Finally, there was another event in Westminster this week. On Tuesday, while the President of China addressed both Houses of Parliament, in Zhejiang province alone more than 1,500 churches had seen their crosses forcibly removed by the authorities. The noble Baroness, Lady Anelay, has just answered a Question on the Floor of the House about the brave human rights lawyers who have been at the forefront of trying to defend many of those who have been persecuted. Some 280 rights lawyers have been detained or disappeared in China since 9 July. The lesson for China is that without freedom of conscience and freedom of belief, no society will prosper and there can never be harmony. There is a direct correlation between those countries which are the most prosperous and those which uphold freedom of religion and belief. This is a lesson for us, too. Article 18 is a core value which is being systematically attacked and it is our duty as parliamentarians in this great democracy to say so.
Lord Selkirk of Douglas (Con): My Lords, the noble Lord, Lord Alton, is an extremely doughty campaigner on behalf of freedom of worship throughout the world and it is a privilege to follow him today. He may even be aware that it was Queen Elizabeth I who in 1558 famously declared that she had no desire to open “windows into men’s souls”. It sounded like a magnanimous promise of tolerance and religious freedom after the persecution presided over by her predecessor. Sadly, however, events made her tolerance wear thin by the end of her reign. Now, some 450 years later, men and women in many countries continue to suffer terribly as a result of their deepest-held religious convictions. Windows are still being opened into people’s souls, often with brutal consequences and a shocking disregard for freedom of conscience.
The Universal Declaration of Human Rights, adopted by the United Nations in 1948, urged nations to guarantee freedom of thought, conscience and religion. Organisations who now have experts in this field agree that attacks on religious freedom have increased in recent years. Christians have been caught up in the revolutionary turmoil which has swept through many countries in north Africa and the Middle East in the last few years, and they have suffered especially as a result of the murderous extreme groups such as ISIL, and Boko Haram and al-Shabaab in Africa, which kill Muslims as well as Christians. The great Sunni/Shia divide is another source of persecution, and there are warnings that those of the Jewish faith are facing a fresh surge of anti-Semitism.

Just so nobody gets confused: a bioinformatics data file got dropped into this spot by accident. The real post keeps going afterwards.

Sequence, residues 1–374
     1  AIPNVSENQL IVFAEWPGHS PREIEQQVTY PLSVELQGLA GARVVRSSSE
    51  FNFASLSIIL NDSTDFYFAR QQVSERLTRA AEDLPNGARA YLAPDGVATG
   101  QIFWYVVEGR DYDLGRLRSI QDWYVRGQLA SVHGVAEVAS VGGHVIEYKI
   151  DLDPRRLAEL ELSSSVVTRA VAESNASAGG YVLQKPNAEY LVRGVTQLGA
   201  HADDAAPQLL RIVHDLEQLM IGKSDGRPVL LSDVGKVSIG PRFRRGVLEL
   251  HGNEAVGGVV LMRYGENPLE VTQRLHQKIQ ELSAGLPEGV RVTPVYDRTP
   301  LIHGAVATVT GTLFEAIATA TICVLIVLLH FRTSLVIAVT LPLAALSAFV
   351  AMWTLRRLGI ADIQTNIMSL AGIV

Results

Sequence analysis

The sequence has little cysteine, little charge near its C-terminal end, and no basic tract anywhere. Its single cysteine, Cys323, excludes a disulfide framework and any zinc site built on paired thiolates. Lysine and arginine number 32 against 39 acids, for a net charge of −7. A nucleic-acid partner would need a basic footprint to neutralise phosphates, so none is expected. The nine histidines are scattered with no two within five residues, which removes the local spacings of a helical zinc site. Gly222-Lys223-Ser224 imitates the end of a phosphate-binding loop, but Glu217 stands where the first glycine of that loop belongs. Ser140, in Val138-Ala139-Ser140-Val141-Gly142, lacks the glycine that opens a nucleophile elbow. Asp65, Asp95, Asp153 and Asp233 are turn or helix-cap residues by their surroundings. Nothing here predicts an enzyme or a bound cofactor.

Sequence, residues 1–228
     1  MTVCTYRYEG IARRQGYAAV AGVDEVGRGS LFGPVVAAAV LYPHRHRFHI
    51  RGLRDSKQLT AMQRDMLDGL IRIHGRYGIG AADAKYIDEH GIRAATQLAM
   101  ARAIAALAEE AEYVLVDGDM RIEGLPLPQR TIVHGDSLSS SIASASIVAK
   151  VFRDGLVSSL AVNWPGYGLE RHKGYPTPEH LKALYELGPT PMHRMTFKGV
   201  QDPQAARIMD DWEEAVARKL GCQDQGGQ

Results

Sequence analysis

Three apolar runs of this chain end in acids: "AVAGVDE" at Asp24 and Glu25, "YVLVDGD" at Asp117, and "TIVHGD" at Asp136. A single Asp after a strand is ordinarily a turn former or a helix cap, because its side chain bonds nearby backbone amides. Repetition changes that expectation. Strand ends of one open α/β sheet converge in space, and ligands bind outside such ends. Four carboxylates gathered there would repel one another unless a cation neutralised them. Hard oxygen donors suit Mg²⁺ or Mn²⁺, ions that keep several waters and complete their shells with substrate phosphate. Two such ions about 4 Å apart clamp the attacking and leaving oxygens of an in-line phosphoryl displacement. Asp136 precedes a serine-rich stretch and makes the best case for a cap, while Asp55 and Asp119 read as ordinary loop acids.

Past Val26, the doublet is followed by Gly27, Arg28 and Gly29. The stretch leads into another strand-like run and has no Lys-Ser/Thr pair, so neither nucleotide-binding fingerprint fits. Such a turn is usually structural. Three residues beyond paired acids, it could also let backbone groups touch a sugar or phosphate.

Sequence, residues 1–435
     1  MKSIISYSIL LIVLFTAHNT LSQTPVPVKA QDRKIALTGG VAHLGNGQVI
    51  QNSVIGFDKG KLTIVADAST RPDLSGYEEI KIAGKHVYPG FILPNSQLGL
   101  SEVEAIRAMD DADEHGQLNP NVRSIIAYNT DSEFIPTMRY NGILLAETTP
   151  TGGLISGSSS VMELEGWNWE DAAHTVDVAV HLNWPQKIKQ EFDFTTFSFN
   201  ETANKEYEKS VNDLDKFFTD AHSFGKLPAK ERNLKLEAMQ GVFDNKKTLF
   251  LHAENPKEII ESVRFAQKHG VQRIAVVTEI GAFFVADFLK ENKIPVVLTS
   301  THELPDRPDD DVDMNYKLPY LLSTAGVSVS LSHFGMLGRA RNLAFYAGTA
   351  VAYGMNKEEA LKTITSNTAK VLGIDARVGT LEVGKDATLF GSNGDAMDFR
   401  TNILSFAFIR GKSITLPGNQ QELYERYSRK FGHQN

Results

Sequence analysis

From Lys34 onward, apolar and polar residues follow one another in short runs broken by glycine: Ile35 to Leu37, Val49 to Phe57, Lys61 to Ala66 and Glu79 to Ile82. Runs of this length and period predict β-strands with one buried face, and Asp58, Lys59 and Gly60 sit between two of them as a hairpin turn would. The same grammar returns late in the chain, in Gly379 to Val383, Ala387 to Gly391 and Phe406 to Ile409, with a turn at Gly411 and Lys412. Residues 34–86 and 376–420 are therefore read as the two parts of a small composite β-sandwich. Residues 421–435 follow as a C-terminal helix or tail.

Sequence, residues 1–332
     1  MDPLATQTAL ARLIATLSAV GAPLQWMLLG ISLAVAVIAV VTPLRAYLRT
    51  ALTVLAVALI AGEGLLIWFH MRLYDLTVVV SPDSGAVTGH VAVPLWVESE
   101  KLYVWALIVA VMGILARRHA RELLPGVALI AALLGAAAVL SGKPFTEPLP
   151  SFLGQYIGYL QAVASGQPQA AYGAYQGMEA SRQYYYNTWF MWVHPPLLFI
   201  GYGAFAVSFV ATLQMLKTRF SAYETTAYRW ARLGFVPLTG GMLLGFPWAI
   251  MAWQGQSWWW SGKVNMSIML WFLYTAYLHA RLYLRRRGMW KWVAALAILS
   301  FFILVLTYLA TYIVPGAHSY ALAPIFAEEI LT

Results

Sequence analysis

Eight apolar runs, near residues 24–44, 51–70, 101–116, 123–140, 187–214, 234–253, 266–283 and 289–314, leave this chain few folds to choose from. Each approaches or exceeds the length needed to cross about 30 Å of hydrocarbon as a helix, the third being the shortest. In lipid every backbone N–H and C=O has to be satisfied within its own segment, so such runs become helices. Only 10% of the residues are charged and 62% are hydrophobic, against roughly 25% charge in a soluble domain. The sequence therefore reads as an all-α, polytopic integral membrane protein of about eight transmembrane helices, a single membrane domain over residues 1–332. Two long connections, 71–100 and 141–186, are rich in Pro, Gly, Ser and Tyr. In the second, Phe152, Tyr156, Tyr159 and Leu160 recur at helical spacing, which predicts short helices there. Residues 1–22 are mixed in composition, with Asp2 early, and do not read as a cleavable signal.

It is shocking that only last week the Catholic charity, Aid to the Church in Need, reported that the number of countries in which those who practise the
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Christian religion are suffering extreme persecution has risen to 10. In one of those countries, Eritrea, it is estimated that in 2013 a total of up to 3,000 people, the majority of them Christians, were imprisoned for their religious beliefs. In Pakistan, the blasphemy laws often have adverse consequences for religious minorities. In Nigeria last year, around 276 girls were kidnapped from their school in Chibok by Boko Haram, and it is reported that many of them have been forced to convert to Islam. In a message at the launch of the report, the Prime Minister said:
“Now is not the time for silence. We must stand together and fight for a world where no one is persecuted because of what they believe”.
In view of the shocking statistics on religious persecution and the levels of human suffering they indicate, is it not time for the British Government to examine how they can take stronger measures to support those who are being persecuted for practising their faith? Religious liberty is a universal human right, and democratic Governments who believe in the rule of law should have the moral courage to raise the issue wherever such rights are flagrantly abused in breach of the UN charter. If the West can impose sanctions on Russia over its Government’s aggressive actions in eastern Ukraine, could not overseas aid, or rather the loss of it, be used to bring pressure to bear for a change of policy? Where a country’s Government are behaving intolerably, and the Government are turning a blind eye, we should act in a principled way and, where necessary, consider withholding aid. Our overseas aid budget was £11.7 billion last year. Can the Minister assure us today that with the provision of bilateral aid, the Government will insist that the Governments of the countries concerned should show a definite commitment to freedom of worship?